By Logan Martinez with CSU
Collegian, RM Student Media
Sitting at a Flobots performance in Aspen, Colo., Sherri Reichow showed her love for the band with a big banner that said “Flobots” and held it at the concert. With a plan in mind to coax the band to CSU, midway through the show, she turned the sign around and displayed her other passion: Colorado Disability Pride.
“We hoped, actually, that we could present it on stage with the petition to them, but then I snuck backstage afterwards and met with the band and talked to them, and got their approval so we actually went to the band first before we did any negotiating with the agents and all that stuff,” said Reichow, a Disabled Resources Services social worker. “It was kind of a cool publicity stunt. It worked.”
It turns out, the band was more than happy to come represent the 2013 Colorado Disability Pride Festival Sept. 7 at CSU.
“When we got word that the Colorado Disability Pride Fest wanted to book us, we were really amped,” wrote Jonny 5, Flobot band member, in an email to theCollegian. “It’s always nice to be part of a big event, but it’s especially invigorating to be teaming up with an organization whose mission is so in line with our message. We can’t wait!”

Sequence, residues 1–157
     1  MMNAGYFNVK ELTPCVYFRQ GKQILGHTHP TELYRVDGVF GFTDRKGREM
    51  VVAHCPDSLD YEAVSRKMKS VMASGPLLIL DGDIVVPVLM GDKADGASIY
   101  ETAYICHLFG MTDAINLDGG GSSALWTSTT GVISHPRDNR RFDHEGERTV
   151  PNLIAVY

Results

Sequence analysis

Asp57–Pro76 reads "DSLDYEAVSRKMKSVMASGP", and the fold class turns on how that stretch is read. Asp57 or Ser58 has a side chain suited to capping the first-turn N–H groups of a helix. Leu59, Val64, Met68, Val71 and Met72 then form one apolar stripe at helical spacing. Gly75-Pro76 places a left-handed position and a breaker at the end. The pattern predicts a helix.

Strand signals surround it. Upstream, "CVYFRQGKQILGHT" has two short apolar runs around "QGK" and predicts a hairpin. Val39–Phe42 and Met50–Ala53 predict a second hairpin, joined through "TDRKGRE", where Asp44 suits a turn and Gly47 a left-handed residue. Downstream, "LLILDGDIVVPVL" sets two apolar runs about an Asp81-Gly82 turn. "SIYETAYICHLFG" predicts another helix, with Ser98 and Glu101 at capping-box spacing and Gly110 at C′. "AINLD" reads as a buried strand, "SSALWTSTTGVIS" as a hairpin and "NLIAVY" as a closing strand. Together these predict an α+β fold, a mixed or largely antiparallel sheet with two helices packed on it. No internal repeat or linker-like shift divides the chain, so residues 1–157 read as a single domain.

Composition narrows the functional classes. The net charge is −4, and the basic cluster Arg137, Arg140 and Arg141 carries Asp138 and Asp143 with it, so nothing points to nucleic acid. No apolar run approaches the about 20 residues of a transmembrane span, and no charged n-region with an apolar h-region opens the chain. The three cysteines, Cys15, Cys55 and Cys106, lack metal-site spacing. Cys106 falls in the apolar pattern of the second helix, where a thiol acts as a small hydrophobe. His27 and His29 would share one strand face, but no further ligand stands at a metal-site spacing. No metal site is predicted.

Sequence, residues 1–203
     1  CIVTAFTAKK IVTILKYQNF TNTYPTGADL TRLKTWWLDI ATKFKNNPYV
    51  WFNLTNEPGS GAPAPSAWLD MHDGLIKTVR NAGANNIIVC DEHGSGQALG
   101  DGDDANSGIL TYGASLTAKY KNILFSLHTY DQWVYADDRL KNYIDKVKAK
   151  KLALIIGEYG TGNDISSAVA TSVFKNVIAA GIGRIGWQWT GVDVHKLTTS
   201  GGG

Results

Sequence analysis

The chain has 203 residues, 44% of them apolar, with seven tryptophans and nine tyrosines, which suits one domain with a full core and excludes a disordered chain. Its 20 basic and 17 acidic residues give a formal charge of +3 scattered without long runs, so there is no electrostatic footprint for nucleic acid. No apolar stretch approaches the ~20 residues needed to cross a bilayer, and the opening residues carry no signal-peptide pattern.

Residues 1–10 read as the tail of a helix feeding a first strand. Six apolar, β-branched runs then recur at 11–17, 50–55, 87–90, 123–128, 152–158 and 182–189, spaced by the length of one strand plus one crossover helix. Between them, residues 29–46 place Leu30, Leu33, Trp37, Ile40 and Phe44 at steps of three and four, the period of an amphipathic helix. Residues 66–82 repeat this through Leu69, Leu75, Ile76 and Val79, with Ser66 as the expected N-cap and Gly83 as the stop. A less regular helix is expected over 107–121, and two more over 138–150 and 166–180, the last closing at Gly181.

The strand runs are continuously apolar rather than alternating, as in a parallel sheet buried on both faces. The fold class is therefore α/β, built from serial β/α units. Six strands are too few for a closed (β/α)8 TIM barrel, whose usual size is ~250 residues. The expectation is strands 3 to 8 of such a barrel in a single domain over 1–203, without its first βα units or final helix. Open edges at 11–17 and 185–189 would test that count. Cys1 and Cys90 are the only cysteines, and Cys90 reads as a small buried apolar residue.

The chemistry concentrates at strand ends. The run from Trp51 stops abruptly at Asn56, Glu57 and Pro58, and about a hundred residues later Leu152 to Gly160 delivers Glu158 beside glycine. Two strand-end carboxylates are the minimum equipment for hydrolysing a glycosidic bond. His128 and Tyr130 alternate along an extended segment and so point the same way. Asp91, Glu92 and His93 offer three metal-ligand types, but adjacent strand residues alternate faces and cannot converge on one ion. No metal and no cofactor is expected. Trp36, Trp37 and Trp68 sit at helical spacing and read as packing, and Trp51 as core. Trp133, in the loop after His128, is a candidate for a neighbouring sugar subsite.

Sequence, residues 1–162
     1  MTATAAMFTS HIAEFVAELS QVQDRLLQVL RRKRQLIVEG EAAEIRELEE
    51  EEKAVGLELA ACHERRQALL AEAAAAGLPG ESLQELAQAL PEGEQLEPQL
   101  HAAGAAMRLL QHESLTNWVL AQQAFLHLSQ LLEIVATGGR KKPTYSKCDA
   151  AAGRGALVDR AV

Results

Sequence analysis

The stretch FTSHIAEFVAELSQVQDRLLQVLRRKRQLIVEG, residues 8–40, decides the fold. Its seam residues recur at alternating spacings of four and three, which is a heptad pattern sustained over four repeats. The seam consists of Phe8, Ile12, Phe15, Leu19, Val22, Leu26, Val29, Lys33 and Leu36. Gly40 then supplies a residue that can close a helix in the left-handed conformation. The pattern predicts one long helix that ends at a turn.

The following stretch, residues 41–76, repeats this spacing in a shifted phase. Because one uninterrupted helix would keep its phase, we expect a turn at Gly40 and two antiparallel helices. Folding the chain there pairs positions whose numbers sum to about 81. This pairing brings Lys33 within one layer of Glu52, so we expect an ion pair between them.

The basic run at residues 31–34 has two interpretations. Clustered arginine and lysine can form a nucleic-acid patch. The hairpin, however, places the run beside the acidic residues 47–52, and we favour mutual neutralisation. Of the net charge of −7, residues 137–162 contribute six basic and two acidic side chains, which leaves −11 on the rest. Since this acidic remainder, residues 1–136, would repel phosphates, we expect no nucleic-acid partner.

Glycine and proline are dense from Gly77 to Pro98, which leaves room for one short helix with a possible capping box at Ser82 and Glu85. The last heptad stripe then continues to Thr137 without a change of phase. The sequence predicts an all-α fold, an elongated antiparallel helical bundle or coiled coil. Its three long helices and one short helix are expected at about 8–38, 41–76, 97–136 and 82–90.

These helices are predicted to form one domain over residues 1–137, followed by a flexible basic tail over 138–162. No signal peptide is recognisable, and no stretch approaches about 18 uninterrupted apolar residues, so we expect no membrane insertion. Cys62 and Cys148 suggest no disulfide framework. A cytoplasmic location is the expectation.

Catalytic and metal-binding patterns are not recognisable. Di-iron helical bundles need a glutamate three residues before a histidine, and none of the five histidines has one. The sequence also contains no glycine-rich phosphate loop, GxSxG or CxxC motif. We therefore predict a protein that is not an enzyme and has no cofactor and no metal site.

After the band agreed to come to CSU, Reichow and a few others with RDS went to see the Flobots again in Greeley to sneak backstage once again.
“It was kind of crazy, we were with a person who is blind, so, you know how they just have the curtain behind, and we were just walking this blind person and there was all this crap in the way…” Reichow said. “So by the time we got all the way across it there were people waiting for us, wondering who the heck we were.”
While getting the Flobots to come for the 2013 Colorado Disability Pride Festival at CSU on Sept. 7 was full of adventure, the festival itself serves multiple purposes for students with and without disabilities.
“The festival is part fun and part education celebration,” said David Swinehart, RDS development director. “So, the event starts at noon with a parade from Old Town to the entrance to the CSU campus. The parade is actually a way for people with and without disabilities to mingle and get to know each other. The parade is a way for disabled resource services to participate in a nationwide movement to accomplish a couple of different things. To change the way people think about and define disability, to break down and end the internalized shame felt with disabilities, and promote the belief in society that disability is a natural and beautiful part of human diversity.”
Tickets for the event are currently on sale at Disabled Resources Services, Rockin’ Robins and online at coloradodisabilitypridefest.org.
Content Producer Logan Martinez can be reached at email@example.com